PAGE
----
57 FR 22940 May 29, 1992 Final Rule “Subsistence Management Regulations for Public Lands in Alaska; Final Rule” was published in the Federal Register. 64 FR 1276 January 8, 1999 Final Rule Amended the regulations to include subsistence activities occurring on inland navigable waters in which the United States has a reserved water right and to identify specific Federal land units where reserved water rights exist. Extended the Federal Subsistence Board's management to all Federal lands selected under the Alaska Native Claims Settlement Act and the Alaska Statehood Act and situated within the boundaries of a Conservation System Unit, National Recreation Area, National Conservation Area, or any new national forest or forest addition, until conveyed to the State of Alaska or to an Alaska Native Corporation. Specified and clarified the Secretaries' authority to determine when hunting, fishing, or trapping activities taking place in Alaska off the public lands interfere with the subsistence priority. 66 FR 31533 June 12, 2001 Interim Rule Expanded the authority that the Board may delegate to agency field officials and clarified the procedures for enacting emergency or temporary restrictions, closures, or openings. 67 FR 30559 May 7, 2002 Final Rule Amended the operating regulations in response to comments on the June 12, 2001, interim rule. Also corrected some inadvertent errors and oversights of previous rules. 68 FR 7703 February 18, 2003 Direct Final Rule Clarified how old a person must be to receive certain subsistence use permits and removed the requirement that Regional Councils must have an odd number of members. 68 FR 23035 April 30, 2003 Affirmation of Direct Final Rule Because we received no adverse comments on the direct final rule (67 FR 30559), we adopted the direct final rule. 69 FR 60957 October 14, 2004 Final Rule Clarified the membership qualifications for Regional Advisory Council membership and relocated the definition of “regulatory year” from subpart A to subpart D of the regulations. 70 FR 76400 December 27, 2005 Final Rule Revised jurisdiction in marine waters and clarified jurisdiction relative to military lands. 71 FR 49997 August 24, 2006 Final Rule Revised the jurisdiction of the subsistence program by adding submerged lands and waters in the area of Makhnati Island, near Sitka, AK. This allowed subsistence users to harvest marine resources in this area under seasons, harvest limits, and methods specified in the regulations. 72 FR 25688 May 7, 2007 Final Rule Revised nonrural determinations.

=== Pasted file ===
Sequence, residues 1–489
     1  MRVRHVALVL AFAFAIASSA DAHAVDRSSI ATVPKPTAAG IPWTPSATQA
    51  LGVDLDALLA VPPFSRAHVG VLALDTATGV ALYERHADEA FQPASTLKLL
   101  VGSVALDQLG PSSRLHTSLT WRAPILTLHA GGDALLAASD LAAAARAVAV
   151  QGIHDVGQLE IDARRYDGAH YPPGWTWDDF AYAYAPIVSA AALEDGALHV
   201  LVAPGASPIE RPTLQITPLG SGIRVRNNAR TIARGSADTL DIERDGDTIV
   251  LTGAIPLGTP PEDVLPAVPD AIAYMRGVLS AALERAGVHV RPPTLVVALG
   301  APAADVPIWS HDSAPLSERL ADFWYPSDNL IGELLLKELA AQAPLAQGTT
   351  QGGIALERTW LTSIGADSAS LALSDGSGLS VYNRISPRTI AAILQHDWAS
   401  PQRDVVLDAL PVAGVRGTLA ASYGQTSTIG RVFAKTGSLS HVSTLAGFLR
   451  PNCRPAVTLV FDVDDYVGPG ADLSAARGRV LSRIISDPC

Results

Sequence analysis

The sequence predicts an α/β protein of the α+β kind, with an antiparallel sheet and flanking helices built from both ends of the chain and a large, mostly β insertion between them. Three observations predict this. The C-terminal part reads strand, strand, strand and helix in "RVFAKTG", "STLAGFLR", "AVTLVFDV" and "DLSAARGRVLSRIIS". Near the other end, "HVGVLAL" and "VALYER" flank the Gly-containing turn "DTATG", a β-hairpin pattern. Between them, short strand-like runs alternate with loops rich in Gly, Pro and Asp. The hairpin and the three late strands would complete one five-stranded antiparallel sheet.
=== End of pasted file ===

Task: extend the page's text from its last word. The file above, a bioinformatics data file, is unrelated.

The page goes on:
A 1997 environmental assessment dealt with the expansion of Federal jurisdiction over fisheries and is available at the office listed underFOR FURTHER INFORMATION CONTACT. The Secretary of the Interior, with concurrence of the Secretary of Agriculture, determined that expansion of Federal jurisdiction does not constitute a major Federal action significantly affecting the human environment and, therefore, signed a Finding of No Significant Impact.

    Section 810 of ANILCA

    The intent of all Federal subsistence regulations is to accord subsistence uses of fish and wildlife on public lands a priority over the taking of fish and wildlife on such lands for other purposes, unless restriction is necessary to conserve healthy fish and wildlife populations. A Section 810 analysis was completed as part of the FEIS process. The final Section 810 analysis determination appeared in the April 6, 1992, ROD, which concluded that the Federal Subsistence Management Program may have some local impacts on subsistence uses, but the program is not likely to significantly restrict subsistence uses.

    Paperwork Reduction Act

    This rule does not contain any new information collection requirements that need Office of Management and Budget (OMB) approval under the Paperwork Reduction Act of 1995 (44 U.S.C. 3501et seq.). This rule applies to the use of public lands in Alaska. The information collection requirements described in this rule are already approved by OMB and have been assigned control number 1018-0075, which expires October 31, 2009. We may not conduct or sponsor and you are not required to respond to a collection of information request unless it displays a currently valid OMB control number.

    Regulatory Planning and Review (Executive Order 12866)

    The Office of Management and Budget (OMB) has determined that this rule is not significant and has not reviewed this rule under Executive Order 12866. OMB bases its determination upon the following four criteria:

    (a)Whether the rule will have an annual effect of $100 million or more on the economy or adversely affect an economic sector, productivity, jobs, the environment, or other units of the government.

    (b)Whether the rule will create inconsistencies with other agencies' actions.

    (c)Whether the rule will materially affect entitlements, grants, user fees, loan programs, or the rights and obligations of their recipients.

    (d)Whether the rule raises novel legal or policy issues.

    Regulatory Flexibility Act